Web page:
It’s always nice to fish a new river and for this grayling session I was on the Frome, a river I’d been intending to fish for a while. Initially, I wanted to try for some of the hard to catch monster roach that inhabit this river. The conditions were a tad too cold for this, in my opinion, so a day after grayling was probably the right choice. A number of heavy frosts and then some snow melt going into the river were what swayed me. However, I made a promise to myself to target some of the big roach, probably next season.
I was fishing with a mate called Bob, who I’d recently met at the launch of Mark Wintles latest book, Big Roach2. We’d spoken online before we met, but it’s always nice to put a face to the name. We share a lot of passions, mainly big roach and cricket, but Bob’s also a cracking angler who knows the Frome like the back of his hand. When he invited me down for a bash at the grayling I was thrilled as his local knowledge would give us a chance of some big girls.
After meeting Bob and driving to the stretch of river, we had a little walk with Bob pointing out some classic swims. Long glides, slacks, hatch pools and carriers were all in front of us, making this a cracking stretch of water. Add to that the fact that this stretch had produced 4lb+ grayling to fly anglers in the summer and I was chomping at the bit to get going!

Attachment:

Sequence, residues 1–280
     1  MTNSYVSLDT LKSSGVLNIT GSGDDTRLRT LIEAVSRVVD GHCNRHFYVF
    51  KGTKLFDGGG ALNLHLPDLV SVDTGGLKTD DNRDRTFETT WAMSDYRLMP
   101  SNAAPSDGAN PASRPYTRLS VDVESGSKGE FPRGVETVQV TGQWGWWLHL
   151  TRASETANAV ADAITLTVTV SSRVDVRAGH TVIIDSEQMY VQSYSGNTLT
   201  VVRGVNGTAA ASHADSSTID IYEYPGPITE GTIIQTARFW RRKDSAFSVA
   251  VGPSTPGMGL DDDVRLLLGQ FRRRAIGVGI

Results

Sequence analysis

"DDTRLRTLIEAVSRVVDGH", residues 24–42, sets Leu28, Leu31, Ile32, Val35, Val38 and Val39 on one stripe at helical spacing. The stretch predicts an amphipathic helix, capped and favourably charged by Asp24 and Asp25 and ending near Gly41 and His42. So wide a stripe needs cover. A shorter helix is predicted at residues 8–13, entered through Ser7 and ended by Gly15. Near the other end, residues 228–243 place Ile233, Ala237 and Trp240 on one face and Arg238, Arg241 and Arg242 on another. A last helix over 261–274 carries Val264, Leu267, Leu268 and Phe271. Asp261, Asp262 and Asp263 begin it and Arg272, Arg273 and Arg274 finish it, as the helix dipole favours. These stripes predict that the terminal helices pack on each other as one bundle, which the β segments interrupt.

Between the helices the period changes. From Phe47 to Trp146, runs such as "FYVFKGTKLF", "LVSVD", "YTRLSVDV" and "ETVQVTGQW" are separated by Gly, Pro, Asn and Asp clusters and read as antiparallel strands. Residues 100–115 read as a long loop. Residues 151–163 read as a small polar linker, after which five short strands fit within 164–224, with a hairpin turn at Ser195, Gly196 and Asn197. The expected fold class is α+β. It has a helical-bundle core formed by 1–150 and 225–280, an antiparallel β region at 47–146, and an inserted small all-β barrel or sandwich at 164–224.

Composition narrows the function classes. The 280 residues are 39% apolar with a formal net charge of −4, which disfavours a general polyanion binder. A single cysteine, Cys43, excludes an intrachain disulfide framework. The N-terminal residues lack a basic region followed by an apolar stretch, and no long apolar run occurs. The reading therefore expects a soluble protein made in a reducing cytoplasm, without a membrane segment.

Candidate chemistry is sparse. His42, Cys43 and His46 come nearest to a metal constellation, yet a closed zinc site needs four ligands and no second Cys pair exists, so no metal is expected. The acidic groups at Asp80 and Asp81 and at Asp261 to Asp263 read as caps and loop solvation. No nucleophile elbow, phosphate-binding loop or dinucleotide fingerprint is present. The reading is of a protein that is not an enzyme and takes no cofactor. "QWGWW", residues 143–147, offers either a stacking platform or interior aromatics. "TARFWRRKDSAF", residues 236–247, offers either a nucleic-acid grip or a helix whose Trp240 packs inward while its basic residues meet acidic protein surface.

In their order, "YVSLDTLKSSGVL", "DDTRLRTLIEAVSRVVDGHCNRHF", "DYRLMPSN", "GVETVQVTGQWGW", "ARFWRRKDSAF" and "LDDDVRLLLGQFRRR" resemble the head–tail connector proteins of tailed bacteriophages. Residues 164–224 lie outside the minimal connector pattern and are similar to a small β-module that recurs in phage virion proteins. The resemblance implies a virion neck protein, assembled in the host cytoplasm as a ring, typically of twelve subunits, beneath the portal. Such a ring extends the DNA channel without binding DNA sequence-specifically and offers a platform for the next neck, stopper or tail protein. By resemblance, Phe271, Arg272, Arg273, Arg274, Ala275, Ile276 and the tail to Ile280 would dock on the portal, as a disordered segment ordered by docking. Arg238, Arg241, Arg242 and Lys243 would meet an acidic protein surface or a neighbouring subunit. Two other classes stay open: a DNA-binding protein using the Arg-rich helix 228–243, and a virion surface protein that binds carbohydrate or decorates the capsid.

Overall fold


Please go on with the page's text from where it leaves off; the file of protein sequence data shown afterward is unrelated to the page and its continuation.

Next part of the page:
Bob showed me a good swim on a carrier to start of on. A lovely trot between a couple of fallen trees. My 2 swan loafer float ran down a couple of times with no action, before diving under on the third trot. A good battle followed with me winning, the result being a grayling of around a pound and a half in the net. More of the same followed with most of the grayling between the 1.4 to 2lb mark. I weighed one, just to get my eye in, so to speak, and that fish weighed 1lb 13oz. After 8 good grayling from the first swim, plus a few sea trout and one fish lost that felt really big, I moved on.
I wasn’t taking any photos of the fish I caught (apart from the one above) because by now heavy rain had set in. It was so heavy it was soaking me through. All of my maggots in my bait apron started to float and the fishing was going down hill fast. Swims were now producing only the odd smaller grayling plus the usual sea trout. I think the sudden influx of heavy cold rain had put the grayling down, though there was to be one final drama played out. Bob hooked and lost, at the net, the biggest grayling he’s ever seen. When you consider the fish he’s caught and seen in the past, this tells you it must have been a possible record breaker. I didn’t know what to say to him, but I’ve a feeling we’ll both be back in better conditions!